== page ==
It is true that UKIP has long called for more strictly managed migration, but in this we are reflecting the views of the British public, and indeed calling for a return to how Britain’s immigration system has looked for… basically forever. Only since Blair in 2004 have we had open borders, and we’ve seen how it has overwhelmed our public services. I’d invite Mr. Cohen to come and see for himself. I could take him on a tour of where I’m from: Bootle, in the North of England.

And UKIP would not seek to end all immigration. We’re not “anti-immigrant” no matter how much it suits the New York Times‘s readership to paint us as such. We simply want an Australian-style points based immigration system which would attract the best and brightest people from all across the world and not discriminate against non-white people (from outside the EU) in favour of white people from inside the EU (which is what our system does now). Which policy is more likely to “hatemonger”?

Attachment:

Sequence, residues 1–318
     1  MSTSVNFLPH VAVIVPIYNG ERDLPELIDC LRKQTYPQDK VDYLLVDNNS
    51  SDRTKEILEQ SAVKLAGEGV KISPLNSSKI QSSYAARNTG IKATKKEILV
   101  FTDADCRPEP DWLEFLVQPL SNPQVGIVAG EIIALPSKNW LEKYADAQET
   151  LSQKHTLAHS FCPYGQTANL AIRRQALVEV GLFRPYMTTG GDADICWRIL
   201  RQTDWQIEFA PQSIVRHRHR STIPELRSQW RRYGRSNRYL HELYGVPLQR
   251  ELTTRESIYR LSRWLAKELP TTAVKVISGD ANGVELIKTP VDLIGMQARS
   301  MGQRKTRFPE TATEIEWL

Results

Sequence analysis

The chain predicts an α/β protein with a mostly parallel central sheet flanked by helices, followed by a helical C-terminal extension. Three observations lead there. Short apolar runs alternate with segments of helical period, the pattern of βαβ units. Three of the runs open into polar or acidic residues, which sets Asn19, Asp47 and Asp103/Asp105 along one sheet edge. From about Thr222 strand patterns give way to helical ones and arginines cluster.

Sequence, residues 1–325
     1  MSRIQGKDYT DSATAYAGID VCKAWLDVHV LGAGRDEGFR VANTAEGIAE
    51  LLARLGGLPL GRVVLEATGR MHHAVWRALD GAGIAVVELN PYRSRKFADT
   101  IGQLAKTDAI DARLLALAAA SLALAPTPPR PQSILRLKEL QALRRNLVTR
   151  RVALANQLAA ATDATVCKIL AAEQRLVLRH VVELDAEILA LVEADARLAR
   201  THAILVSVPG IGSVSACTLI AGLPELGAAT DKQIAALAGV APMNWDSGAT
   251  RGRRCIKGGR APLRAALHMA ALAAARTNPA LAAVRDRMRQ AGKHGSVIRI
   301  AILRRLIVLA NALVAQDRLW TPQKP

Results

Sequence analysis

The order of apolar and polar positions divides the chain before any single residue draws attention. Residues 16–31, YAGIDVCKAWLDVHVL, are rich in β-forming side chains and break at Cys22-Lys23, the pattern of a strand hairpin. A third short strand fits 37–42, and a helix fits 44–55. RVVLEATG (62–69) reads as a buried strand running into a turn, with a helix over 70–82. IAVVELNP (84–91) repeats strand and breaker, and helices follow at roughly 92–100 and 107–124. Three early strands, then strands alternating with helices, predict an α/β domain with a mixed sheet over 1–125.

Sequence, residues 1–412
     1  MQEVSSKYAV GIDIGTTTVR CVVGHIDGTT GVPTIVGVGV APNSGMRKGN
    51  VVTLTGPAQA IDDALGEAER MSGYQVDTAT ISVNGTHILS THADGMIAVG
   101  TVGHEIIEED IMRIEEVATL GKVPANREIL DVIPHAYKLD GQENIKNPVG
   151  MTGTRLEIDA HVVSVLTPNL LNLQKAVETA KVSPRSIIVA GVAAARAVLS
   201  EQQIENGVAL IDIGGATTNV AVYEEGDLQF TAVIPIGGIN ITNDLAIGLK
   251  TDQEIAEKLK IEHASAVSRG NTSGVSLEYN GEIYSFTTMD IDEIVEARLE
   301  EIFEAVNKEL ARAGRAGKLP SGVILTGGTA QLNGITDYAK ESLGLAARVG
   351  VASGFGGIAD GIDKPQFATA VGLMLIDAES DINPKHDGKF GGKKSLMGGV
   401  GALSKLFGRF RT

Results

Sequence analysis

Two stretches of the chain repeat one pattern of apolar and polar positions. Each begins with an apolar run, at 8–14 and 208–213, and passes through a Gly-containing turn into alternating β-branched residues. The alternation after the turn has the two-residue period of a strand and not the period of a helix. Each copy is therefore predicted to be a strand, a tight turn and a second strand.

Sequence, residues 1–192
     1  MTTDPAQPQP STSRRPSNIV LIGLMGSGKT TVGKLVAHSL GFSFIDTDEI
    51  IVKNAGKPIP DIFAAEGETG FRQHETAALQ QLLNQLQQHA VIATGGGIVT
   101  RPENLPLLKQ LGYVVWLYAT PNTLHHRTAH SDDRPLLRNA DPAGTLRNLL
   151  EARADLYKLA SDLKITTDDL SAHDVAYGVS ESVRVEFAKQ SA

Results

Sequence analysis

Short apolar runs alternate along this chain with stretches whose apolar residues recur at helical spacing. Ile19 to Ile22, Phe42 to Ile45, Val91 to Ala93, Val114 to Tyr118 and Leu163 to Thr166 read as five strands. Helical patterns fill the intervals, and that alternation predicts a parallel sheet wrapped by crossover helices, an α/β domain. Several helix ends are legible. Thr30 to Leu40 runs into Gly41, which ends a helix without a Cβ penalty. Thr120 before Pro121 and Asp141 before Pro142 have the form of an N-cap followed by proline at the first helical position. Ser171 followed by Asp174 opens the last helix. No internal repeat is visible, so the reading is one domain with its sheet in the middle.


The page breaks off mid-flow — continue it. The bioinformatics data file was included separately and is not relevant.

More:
But I don’t really care what Mr Cohen calls me or others in the UKIP team. It’s the main thrust of his article that is the real insult. An insult to the millions of decent, patriotic people who vote for our party, many of whom are from diverse ethnic and religious backgrounds.

Like many Europhiles, Mr Cohen asserts as fact that “the European Union has been good for Britain” without supplying any hard facts as to why he believes that is the case.

He cites UK trade with the European Union member states, but no serious commentators doubt that this will continue unabated whatever happens in this referendum.

Cohen piles on the insults by saying that “Britain is a significant pygmy”. I would counter that by saying that the United Kingdom is a permanent member of the United Nations Security Council, our military is in the top ten in the entire world in terms of strength, and the UK has the world’s 5th largest economy – some “pygmy”.